http://www.flickr.com/photos/teagrrlThe next major release of the Windows Phone OS is still codenamed “Mango”. This morning (New Zealand time), at the MIX conference in Las Vegas, Microsoft has taken the wraps off some the developer details underneath new features in Mango.

The position I take on Mango is this: everyone knows there are features missing from the current version of WP7. Features like multitasking, camera streams, sockets, and more. It would be crazy for Microsoft to not add these high-demand features to WP7 as quickly as possible. This morning we can see that they are certainly adding these features, they’ve thought them through very carefully, and they are further along with implementation than many people predicted.

Update: Here’s a great video from Channel 9 that discusses and demonstrates a bunch of these new features.

So what did we see? Here’s a run-down:

Multitasking: We saw Joe Belfiore demonstrate fast app switching at Mobile World Congress a few months back. Now we’ve seen how developers can take advantage of this, along with some seriously awesome managed background tasks to enable devs to keep apps connected and up to date, without the impact on memory and battery life that is so obvious with “full” multitasking. I can tell you after spending a month with a decent Android phone, one of my most-used apps was a background app killer. Not so with WP7.

IE9 for Windows Phone: HTML5 compliant, GPU accelerated. Finally a first-class mobile browser to consume all of those sites our iPhone loving friends have built.

Additional sensor and runtime access: Additional sensor APIs are being added in WP ‘Mango’, including camera stream access to enable augmented reality scenarios, compass and gyro APIs to enable more advanced detection of motion, and the ability to use socket connections to move beyond HTTP. These are all so “duh” obvious that I won’t go into any more details. Watch the keynote and additional sessions at MIX.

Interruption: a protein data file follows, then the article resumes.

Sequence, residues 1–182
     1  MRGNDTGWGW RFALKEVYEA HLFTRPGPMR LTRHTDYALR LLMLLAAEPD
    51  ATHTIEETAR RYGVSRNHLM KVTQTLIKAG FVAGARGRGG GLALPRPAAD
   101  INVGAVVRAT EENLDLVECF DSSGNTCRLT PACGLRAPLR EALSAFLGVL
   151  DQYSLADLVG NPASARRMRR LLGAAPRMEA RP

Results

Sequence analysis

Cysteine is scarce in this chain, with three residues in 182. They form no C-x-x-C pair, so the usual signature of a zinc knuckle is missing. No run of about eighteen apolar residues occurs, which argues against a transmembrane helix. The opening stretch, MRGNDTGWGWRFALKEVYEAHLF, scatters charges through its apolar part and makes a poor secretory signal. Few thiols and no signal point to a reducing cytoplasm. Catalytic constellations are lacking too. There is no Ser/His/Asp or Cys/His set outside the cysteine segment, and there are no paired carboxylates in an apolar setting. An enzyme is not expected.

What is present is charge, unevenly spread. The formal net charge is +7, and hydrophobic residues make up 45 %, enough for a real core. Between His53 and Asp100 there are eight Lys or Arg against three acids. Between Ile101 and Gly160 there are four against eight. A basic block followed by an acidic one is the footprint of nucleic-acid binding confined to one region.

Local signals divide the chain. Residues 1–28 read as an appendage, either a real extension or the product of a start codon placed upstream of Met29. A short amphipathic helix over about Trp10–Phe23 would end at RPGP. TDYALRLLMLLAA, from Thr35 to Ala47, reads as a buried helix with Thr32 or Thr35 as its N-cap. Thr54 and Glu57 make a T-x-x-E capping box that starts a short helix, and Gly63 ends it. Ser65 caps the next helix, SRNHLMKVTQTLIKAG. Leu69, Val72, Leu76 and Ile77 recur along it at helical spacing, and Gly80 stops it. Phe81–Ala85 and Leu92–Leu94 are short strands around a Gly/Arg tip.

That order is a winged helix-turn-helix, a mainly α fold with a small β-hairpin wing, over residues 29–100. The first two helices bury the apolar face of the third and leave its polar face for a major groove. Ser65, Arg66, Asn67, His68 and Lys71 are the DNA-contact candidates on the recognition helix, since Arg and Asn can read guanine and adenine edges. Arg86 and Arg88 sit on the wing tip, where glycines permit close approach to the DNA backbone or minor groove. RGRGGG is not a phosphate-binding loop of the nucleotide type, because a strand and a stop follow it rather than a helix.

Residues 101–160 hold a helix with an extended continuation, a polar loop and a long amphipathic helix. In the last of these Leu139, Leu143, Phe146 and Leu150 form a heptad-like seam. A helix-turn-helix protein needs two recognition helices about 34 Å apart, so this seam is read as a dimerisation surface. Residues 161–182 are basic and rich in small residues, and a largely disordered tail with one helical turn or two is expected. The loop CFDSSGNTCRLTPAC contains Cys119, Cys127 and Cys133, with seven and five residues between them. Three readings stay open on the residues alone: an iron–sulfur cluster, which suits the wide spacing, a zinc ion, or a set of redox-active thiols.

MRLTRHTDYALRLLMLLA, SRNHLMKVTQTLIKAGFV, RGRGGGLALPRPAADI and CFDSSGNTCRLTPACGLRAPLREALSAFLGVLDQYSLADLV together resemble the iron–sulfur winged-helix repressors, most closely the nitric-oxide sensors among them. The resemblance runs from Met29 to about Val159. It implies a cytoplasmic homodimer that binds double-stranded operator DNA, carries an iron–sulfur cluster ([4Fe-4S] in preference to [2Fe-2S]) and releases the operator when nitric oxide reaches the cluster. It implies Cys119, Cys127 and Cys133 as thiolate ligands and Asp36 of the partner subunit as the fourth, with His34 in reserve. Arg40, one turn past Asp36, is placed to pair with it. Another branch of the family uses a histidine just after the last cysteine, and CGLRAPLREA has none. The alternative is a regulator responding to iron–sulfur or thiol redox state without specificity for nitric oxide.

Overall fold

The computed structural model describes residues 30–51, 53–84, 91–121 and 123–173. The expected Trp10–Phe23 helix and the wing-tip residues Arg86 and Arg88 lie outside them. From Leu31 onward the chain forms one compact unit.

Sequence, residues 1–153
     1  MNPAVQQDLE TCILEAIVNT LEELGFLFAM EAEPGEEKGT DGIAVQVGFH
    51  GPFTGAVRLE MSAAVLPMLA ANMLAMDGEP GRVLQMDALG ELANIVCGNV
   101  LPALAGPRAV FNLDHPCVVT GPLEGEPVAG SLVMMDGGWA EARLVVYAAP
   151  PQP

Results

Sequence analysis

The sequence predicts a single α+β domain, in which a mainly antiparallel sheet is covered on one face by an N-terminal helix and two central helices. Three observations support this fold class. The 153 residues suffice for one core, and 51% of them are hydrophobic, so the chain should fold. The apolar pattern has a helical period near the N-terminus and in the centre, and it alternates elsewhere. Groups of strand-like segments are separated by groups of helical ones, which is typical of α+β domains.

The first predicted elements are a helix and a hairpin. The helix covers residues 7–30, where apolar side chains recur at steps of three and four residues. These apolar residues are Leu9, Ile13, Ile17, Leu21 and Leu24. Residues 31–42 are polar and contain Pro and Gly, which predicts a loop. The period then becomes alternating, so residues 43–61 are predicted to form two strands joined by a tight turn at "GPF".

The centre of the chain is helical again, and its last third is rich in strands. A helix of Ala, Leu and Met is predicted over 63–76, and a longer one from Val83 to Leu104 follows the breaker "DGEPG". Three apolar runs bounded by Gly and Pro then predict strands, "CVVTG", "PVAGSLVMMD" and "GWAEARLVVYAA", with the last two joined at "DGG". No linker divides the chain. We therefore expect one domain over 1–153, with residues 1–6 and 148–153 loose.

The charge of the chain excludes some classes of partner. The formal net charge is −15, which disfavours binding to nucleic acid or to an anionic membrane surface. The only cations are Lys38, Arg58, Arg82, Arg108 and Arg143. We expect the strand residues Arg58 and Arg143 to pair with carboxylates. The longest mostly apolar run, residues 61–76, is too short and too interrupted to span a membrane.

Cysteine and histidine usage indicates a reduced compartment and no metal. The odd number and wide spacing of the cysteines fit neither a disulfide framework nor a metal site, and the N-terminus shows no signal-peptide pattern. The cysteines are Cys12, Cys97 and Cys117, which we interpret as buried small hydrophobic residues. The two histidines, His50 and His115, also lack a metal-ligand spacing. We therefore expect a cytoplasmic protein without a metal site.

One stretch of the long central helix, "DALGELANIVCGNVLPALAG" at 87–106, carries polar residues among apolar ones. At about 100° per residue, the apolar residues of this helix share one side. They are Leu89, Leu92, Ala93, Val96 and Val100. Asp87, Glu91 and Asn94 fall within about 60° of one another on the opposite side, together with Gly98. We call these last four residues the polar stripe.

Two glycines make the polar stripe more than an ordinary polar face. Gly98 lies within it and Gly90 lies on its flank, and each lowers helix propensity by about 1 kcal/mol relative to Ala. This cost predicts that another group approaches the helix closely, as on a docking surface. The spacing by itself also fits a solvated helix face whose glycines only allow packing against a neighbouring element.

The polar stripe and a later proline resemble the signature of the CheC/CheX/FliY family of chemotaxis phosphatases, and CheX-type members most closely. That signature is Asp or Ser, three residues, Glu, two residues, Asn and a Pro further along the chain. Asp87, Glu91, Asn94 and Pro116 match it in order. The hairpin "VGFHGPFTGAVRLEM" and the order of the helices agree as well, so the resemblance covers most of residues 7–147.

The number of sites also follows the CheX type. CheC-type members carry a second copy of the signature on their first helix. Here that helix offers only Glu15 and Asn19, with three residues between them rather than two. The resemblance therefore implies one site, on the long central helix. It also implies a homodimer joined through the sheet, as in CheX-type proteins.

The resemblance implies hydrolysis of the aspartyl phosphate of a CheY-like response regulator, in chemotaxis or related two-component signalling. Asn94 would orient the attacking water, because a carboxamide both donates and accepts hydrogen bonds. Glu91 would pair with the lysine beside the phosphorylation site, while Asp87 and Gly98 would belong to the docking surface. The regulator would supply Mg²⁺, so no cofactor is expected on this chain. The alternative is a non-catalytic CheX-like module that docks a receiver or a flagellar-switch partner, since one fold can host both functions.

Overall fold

Structured storage: Personally, I’ve been totally happy with serialising my own objects, but for people desperate for a database, Microsoft are adding the ability to package and deploy SQL CE databases onto the Windows Phone platform, and use LINQ to SQL to access the data. Additionally, devs will be able to use contact and appointment APIs to access the user’s address book and calendar on the device (provided the user consents to providing access to the app).

XNA/Silverlight integration: You may not see this now, but this is an absolute killer feature. Any XNA developer will tell you that rendering text (e.g. highscore tables) to the screen is just ugly legwork. With Mango, Microsoft will be breaking down the walls separating Siverlight and XNA, making it easier for developers to build 3D-modeled applications that can overlay Silverlight forms and strings. Think about it: Silverlight’s brilliant XAML layout language, binding, and simple internationalisation story, on top of XNA’s productive 3D environment. Is this not the most developer friendly game platform on the market today?

Tooling investments: Microsoft also demonstrated additional capabilities around the Profiling tooling (initially demoed at PDC10 by Scott Guthrie), as well as showing off new enhancements to the Windows Phone Emulator, allowing developers to manipulate sensor data (i.e., GPS, accelerometer) into the emulator. Slick stuff.